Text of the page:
magazine autumn 2011 page 8

Playful Pucino Prosecco WORDS JACQUI DURRANT


f you visited Dal Zotto Wines’ cellar door this summer you may well have been seduced by a Bellini cocktail, a long drink made exclusively with prosecco, the light sparkling wine originating in Italy’s Veneto region, mixed with white peach nectar. Named for its subtle pink hue – its creator, Giuseppi Cipriani, was reminded of a monk’s robes in a painting by the 15th-century Venetian artist Giovanni Bellini – it originated in Venice’s legendary Harry’s Bar, and went on to become an all-time Italian favourite. Having successfully introduced King Valley to this classic summer cocktail, Dal Zottos will serve a more autumnal-red cocktail, the Pucino Spritz, for Easter. This light-hearted and low-alcohol cocktail continues the prosecco theme, but adds the Italian aperitif Aperol, and soda water. The Dal Zottos are passionate about prosecco cocktails for the best of reasons: in 2004, Dal Zotto became the first Australian winery to produce prosecco wines. The varietal was a personal, rather than fashionable, choice for family patriarch Otto Dal Zotto, who had migrated from Valdobbiadene in the Veneto. The area is renowned for its sparkling prosecco wines, and Otto had worked with the prosecco vines in his family’s vineyard. When the Dal Zotto family made the decision to plant Australia’s first commercial prosecco vineyard in 1998, the variety was so rare in Australia that their vines had to be propagated from two plants belonging to an old Italian man in South

Australia. At the time, the family could never have imagined prosecco’s rapid acceptance and success: Tony Love of the Herald-Sun rated their L’Immigrante Prosecco in his top 40 wines of 2010, and The Age/ Sydney Morning Herald Good Wine Guide recently declared the Pucino Prosecco Australia’s best value sparkling wine. Made using the charmat method of fermentation traditional to the variety, Dal Zotto’s Pucino is as close to the true Italian prosecco as they’ve ever made. On its own, prosecco is a clean ‘any occasion’ sparkling wine, typically with aromas of crisp apple, ripe pear and grape. Fresh and light, it is perfect as an aperitif or a palate cleanser. ‘It’s a cheeky wine,’ says Otto’s son Christian. ‘It’s simple: not a serious wine, not heavy like champagne. People drink it, and you can see they just enjoy themselves.’ And that’s what you’ll find at Dal Zotto’s Trattoria in the heart of Victoria’s King Valley this Easter: people enjoying their playful Pucino Spritz cocktails. Why not join in the fun? The cellar door Trattoria, featuring a menu of Italianinspired seasonal and regional produce, is open weekends from 11am to 4pm. The cellar door itself is open daily from 10am to 5pm. Dal Zotto Wines and Trattoria Main Road, Whitfield, Victoria Tel 03 5729 8321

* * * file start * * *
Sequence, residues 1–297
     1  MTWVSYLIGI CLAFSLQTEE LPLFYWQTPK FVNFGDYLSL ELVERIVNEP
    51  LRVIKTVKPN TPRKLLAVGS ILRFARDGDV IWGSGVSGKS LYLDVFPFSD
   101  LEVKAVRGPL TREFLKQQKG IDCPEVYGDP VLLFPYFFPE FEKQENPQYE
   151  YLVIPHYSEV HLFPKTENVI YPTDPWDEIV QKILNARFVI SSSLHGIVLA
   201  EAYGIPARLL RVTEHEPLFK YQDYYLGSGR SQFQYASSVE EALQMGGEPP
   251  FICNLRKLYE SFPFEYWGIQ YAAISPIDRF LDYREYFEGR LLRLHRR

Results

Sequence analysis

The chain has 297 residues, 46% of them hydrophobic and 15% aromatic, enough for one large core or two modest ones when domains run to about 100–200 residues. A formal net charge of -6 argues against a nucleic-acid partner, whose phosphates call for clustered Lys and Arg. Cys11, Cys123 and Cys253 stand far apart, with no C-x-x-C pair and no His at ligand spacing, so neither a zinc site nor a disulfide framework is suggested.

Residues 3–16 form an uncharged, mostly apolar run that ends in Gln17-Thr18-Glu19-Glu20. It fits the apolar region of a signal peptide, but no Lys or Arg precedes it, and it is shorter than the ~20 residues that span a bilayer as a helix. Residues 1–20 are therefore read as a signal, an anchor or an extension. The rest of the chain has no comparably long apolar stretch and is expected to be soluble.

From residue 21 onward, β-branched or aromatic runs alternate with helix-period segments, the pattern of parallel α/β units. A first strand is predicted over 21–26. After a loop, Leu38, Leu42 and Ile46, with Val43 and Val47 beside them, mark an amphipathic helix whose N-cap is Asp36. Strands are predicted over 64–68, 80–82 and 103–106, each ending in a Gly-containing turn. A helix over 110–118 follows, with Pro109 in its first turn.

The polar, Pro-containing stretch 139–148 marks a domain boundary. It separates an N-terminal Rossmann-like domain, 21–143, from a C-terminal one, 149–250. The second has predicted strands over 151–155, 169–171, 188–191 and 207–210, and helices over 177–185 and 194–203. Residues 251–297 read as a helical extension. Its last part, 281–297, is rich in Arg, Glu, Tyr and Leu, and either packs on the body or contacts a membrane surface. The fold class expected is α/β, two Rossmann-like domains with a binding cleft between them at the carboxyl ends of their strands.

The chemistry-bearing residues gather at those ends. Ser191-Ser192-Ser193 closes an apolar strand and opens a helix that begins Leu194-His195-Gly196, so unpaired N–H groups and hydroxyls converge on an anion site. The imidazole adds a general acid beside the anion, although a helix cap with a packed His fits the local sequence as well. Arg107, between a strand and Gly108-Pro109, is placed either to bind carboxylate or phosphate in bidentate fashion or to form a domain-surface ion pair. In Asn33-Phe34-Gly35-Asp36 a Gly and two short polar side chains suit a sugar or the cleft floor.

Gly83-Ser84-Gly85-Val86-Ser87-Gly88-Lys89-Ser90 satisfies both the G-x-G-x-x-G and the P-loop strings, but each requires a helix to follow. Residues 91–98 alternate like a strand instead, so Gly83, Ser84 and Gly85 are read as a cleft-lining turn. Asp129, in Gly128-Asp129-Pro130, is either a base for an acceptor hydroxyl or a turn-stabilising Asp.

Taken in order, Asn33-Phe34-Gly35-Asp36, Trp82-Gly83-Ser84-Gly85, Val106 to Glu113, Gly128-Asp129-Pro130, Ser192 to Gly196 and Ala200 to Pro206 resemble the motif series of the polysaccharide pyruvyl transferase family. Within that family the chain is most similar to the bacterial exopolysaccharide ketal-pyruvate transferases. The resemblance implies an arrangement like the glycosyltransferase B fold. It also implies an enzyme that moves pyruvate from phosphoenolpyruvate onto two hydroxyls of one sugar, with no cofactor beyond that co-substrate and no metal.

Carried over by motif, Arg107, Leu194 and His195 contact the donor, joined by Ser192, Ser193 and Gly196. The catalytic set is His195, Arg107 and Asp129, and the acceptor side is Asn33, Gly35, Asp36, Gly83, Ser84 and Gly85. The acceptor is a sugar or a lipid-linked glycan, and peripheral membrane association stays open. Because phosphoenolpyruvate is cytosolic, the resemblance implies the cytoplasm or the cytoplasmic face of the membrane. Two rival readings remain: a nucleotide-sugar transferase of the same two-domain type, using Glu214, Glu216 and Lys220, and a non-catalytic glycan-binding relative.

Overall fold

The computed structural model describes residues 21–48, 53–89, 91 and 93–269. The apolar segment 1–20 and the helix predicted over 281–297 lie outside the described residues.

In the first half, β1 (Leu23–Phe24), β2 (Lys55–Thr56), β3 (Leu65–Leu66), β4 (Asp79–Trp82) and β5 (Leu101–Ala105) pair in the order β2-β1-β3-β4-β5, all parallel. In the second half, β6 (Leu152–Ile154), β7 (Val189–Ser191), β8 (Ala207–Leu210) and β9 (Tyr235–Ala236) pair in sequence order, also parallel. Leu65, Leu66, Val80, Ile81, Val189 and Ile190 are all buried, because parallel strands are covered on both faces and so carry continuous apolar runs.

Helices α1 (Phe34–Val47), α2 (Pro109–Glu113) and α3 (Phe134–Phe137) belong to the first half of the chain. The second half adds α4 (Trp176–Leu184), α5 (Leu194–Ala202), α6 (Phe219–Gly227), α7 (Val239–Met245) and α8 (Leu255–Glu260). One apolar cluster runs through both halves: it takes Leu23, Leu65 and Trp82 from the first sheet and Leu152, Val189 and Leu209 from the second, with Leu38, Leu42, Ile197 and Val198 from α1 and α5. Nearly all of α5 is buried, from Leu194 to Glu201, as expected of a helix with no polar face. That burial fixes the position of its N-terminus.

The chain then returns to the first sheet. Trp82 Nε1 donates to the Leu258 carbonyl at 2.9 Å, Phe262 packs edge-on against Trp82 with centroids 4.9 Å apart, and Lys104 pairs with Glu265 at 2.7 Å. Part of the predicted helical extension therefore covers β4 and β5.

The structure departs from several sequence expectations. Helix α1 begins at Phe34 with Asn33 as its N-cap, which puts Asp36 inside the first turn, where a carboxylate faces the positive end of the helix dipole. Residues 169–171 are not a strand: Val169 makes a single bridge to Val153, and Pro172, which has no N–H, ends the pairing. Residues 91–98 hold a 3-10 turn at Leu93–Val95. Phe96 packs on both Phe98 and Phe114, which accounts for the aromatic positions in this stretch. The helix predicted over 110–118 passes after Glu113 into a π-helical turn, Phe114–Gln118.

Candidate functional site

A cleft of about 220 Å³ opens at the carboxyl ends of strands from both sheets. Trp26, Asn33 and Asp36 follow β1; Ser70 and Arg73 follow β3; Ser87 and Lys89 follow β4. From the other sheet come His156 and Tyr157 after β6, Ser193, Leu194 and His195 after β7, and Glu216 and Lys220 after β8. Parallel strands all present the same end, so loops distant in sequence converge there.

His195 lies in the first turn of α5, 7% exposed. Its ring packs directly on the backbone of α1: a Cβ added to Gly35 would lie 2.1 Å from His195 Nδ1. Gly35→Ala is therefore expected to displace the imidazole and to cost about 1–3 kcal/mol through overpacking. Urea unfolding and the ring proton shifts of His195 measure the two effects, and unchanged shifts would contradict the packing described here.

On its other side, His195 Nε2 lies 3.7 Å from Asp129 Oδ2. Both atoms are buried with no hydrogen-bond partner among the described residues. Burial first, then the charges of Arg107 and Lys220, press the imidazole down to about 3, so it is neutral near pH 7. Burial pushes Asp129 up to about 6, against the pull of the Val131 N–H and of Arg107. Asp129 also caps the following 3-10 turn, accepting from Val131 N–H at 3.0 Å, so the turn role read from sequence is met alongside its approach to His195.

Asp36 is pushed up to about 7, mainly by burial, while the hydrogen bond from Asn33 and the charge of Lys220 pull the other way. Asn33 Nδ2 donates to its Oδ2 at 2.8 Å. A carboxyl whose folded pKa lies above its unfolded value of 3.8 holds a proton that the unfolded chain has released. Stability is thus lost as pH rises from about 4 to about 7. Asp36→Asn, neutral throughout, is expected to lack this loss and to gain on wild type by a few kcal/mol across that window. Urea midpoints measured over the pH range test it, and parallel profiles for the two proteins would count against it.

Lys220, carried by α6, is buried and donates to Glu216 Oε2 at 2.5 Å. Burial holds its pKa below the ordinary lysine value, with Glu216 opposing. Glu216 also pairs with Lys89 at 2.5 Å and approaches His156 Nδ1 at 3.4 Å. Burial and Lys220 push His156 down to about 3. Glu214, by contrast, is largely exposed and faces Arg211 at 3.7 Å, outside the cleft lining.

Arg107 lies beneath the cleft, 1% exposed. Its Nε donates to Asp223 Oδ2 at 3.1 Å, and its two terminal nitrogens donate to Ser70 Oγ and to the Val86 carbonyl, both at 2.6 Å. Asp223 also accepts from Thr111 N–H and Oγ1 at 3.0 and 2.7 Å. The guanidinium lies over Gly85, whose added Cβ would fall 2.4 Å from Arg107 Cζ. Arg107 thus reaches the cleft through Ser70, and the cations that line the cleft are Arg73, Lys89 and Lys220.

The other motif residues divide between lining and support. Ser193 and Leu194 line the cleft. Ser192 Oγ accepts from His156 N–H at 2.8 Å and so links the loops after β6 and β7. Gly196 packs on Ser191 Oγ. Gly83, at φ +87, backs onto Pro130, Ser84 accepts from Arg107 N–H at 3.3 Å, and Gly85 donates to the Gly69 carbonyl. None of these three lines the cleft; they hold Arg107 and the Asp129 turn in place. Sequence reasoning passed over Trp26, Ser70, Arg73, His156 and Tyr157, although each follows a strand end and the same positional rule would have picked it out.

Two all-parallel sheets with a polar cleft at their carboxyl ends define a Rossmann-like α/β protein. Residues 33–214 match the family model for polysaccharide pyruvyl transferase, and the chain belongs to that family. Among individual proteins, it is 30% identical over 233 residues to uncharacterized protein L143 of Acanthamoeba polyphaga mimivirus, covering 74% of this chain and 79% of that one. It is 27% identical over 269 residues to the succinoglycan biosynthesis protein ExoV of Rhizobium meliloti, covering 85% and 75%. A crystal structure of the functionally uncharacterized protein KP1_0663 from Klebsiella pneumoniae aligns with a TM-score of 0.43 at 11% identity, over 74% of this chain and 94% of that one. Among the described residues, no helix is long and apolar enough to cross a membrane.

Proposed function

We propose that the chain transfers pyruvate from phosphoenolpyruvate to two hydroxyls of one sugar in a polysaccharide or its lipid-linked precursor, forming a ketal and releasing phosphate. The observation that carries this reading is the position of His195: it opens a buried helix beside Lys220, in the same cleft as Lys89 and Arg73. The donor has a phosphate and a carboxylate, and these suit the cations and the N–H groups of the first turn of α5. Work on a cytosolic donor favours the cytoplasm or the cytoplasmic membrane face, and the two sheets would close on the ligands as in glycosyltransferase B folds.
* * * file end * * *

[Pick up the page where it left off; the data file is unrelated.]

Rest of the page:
magazine autumn 2011 page 9


vinoclassico [V] PLUNKETT FOWLES Essentials recently dropped into Plunkett Fowles Avenel cellar door to sample some of the best bang for your buck new release wines around – the Stone Dwellers range. New: the Stone Dwellers super-clean and lively 2010 Chardonnay and the lush and supple Stone Dwellers 2008 Shiraz. The previous 2008 vintage Chardonnay was a silver medal winner at the National Cool Climate Wine Show and was also aptly labeled by Gourmet Traveller Wine’s Huon Hooke as ‘so bright and breezy’. With the new release the same can be said, and more as it features a lively and herbaceous nose of lime, apricots and lychees. Made from mountain-high Strathbogie Ranges crisp cool climate fruit, this wine retains its bright clean acid crispness and is nicely only just touched by the influence of oak. The impressive medium bodied Stone Dwellers 2010 Shiraz is another top wine made from star quality fruit – from the same vineyard as Plunkett Fowles’ Internationally award winning Ladies Who Shoot their Lunch Shiraz. An extravagant nose of forest berries, chocolate and licorice simply bursts out of the glass. Spicy, dusky subtle tannins and big hints of cherry, chocolate, licorice, tobacco, cedar and black pepper colour an explorative and delightful palate. A big ticked wine at a mid-ticket price, what could be better? Corner Hume Highway and Lambing Gully Road, Avenel, Victoria Tel 03 5796 2150



Essentials has previously labeled this little beauty Australia’s greatest boutique cabernet wine. Due for release mid-2011 (can hardly wait), the Yileena Park 2006, Reserve Cabernet Sauvignon is rumured to be again, even better than previous vintages. Affectionately known as the ‘Cabernet King’, Yileena Park’s previous ‘04 vintage was a sell-out, with case loads walking out the cellar door within hours of release. Featuring premium fruit, lengthy aging in two-year-old French oak (selected for best intergration of oak), plus additional years maturation in bottle, Yileena’s next premium ‘cab off the rank’ is bound to a cellar musthave. 245 Steels Creek Road Yarra Glen 3775, Victoria Tel 03 9730 1977

. Open daily

magazine autumn 2011 page 10